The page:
Sunday, August 10, 2008

From Shirley Jackson's Raising Demons

"...I was a faculty wife. A faculty wife is a person who is married to a faculty. She has frequently read at least one good book lately, she has one "nice" black dress to wear to student parties, and she is always just the teensiest bit in the way, particularly in a girls' college such as the one where my husband taught. She is presumed to have pressing and wholly absorbing interests at home, to which, when out, she is always anxious to return, and when at home, reluctant to leave. It is considered probable that ten years or so ago she had a face and personality of her own, but if she has it still, she is expected to keep it decently to herself. She will ask students questions like "And what did you do during vacation?" and answer in turn questions like "How old is your little boy now?""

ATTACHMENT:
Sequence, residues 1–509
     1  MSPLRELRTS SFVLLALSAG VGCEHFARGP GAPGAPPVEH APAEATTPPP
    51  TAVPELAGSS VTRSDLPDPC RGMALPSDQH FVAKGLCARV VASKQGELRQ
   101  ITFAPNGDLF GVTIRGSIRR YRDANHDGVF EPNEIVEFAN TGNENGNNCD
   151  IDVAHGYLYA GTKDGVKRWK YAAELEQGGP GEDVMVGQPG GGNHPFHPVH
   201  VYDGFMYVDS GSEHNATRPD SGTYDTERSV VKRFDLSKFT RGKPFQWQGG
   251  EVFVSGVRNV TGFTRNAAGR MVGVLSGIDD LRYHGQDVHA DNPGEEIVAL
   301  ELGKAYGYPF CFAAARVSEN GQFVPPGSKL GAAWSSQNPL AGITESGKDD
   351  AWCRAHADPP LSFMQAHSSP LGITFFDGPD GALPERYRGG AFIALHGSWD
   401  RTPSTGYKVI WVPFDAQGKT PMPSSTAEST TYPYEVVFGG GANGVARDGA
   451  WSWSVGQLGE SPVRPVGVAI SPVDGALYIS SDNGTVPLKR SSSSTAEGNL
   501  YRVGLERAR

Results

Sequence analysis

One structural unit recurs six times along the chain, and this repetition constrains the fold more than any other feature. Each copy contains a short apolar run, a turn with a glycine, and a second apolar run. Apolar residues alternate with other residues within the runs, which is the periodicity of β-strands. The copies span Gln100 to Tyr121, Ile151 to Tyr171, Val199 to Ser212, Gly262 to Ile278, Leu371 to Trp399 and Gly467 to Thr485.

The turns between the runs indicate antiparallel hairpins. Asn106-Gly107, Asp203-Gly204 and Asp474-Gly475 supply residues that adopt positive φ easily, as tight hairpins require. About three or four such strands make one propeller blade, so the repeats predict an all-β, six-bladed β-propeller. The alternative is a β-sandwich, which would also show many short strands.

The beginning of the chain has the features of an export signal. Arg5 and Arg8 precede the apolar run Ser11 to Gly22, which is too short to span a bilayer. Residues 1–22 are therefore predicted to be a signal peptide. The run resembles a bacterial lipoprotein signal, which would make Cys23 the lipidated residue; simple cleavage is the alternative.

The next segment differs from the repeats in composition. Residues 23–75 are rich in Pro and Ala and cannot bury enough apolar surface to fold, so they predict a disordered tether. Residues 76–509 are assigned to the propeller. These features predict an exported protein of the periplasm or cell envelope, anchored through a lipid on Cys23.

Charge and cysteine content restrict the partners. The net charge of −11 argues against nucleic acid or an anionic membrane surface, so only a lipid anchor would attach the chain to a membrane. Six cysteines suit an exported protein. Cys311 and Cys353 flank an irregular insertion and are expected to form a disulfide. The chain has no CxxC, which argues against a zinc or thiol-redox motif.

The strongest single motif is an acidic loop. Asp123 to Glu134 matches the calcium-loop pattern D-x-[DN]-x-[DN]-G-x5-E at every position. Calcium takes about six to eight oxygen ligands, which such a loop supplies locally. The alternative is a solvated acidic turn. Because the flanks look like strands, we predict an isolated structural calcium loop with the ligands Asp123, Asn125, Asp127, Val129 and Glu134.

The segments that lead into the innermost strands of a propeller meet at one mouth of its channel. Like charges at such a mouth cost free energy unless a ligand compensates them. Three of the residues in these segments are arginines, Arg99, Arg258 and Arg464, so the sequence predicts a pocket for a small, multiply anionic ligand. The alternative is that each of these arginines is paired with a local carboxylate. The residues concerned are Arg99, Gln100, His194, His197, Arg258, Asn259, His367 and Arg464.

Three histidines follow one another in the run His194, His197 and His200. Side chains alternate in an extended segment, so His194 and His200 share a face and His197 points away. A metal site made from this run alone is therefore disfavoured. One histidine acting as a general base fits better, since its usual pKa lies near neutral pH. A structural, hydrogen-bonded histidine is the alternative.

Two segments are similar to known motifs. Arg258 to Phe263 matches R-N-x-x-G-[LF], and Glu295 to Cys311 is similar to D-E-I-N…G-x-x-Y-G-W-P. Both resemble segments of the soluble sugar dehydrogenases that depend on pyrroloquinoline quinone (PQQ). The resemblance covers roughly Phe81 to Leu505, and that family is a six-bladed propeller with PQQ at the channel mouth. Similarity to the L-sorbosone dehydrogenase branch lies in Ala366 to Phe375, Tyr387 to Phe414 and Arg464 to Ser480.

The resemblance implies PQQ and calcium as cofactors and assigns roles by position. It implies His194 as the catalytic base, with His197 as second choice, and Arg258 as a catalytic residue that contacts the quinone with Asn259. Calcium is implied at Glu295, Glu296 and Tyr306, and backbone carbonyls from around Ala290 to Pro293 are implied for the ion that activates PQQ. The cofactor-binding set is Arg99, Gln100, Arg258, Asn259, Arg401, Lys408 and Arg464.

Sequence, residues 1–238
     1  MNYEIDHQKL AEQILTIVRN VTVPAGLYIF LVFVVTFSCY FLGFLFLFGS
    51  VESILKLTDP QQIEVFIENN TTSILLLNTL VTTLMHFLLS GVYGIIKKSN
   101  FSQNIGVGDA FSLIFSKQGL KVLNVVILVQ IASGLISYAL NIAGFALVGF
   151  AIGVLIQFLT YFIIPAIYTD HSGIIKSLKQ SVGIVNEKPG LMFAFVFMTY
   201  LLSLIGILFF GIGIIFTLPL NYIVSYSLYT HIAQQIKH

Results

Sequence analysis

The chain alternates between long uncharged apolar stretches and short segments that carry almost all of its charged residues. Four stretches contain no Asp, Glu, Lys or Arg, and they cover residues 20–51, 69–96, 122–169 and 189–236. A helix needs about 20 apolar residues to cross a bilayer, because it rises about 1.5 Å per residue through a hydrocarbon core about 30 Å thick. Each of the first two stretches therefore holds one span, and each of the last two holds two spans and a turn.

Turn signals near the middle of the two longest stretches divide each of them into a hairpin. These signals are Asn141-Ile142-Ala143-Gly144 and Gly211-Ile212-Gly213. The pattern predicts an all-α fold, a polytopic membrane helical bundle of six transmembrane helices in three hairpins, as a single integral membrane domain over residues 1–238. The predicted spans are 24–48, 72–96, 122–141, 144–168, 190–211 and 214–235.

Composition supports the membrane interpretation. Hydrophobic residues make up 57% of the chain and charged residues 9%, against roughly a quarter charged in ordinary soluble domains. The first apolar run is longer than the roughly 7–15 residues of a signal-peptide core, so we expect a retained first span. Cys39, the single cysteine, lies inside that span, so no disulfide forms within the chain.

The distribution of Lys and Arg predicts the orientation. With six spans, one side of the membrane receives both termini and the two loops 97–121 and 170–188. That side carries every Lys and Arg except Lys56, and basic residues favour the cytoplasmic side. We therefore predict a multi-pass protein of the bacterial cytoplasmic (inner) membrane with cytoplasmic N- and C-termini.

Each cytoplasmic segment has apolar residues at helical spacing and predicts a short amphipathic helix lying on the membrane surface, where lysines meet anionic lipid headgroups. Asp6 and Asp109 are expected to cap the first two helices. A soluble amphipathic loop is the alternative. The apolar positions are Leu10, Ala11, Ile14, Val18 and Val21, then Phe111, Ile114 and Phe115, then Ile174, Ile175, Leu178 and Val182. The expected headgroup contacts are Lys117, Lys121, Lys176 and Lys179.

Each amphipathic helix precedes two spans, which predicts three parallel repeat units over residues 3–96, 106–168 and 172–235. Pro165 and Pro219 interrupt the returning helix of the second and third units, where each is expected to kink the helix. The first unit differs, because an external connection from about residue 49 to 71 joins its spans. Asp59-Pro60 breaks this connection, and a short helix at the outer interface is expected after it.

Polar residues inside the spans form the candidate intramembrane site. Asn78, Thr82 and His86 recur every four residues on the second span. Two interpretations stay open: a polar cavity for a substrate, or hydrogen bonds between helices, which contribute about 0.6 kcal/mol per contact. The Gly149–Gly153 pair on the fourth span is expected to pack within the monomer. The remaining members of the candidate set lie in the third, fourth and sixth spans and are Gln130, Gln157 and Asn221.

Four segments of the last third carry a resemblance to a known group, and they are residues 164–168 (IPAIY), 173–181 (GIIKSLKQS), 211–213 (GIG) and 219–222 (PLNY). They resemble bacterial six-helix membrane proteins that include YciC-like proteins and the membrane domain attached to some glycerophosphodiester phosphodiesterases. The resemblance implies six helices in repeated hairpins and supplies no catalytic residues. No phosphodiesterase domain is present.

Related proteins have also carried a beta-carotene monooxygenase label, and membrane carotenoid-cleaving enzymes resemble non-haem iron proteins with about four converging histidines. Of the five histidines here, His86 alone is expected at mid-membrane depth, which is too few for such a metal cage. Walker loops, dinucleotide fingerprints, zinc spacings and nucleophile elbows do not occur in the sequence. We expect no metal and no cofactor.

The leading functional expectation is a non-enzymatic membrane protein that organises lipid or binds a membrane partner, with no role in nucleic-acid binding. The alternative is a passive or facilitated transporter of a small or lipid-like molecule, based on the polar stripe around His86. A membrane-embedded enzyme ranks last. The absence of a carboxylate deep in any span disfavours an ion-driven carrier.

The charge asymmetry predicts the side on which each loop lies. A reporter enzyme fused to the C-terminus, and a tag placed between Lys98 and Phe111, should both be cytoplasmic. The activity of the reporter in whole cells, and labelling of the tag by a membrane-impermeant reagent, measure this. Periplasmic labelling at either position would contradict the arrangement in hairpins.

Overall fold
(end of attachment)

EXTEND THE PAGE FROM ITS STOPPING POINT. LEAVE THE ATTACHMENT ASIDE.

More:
"Naturally a husband presents enormous irritations no matter what he is doing, and I think it is unreasonable to regard a teaching husband as necessarily more faulty than, say, a plumbing husband, but there is no question but what the ego of a teaching husband is going to be more vividly developed..."

"Unlike faculty wives, students are nice girls who have come to college to get an education."

(Raising Demons, 1957)

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